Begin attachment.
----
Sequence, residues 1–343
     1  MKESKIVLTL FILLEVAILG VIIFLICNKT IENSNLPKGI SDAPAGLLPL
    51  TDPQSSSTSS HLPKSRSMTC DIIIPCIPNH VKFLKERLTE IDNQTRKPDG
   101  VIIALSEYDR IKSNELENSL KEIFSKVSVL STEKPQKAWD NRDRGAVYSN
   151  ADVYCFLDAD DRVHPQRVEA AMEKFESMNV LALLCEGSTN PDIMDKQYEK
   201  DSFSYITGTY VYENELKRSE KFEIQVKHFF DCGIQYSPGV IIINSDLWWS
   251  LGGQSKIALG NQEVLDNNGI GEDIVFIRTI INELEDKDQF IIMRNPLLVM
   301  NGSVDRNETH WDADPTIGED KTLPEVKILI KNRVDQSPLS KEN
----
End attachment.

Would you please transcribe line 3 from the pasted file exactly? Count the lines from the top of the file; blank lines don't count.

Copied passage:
    51  TDPQSSSTSS HLPKSRSMTC DIIIPCIPNH VKFLKERLTE IDNQTRKPDG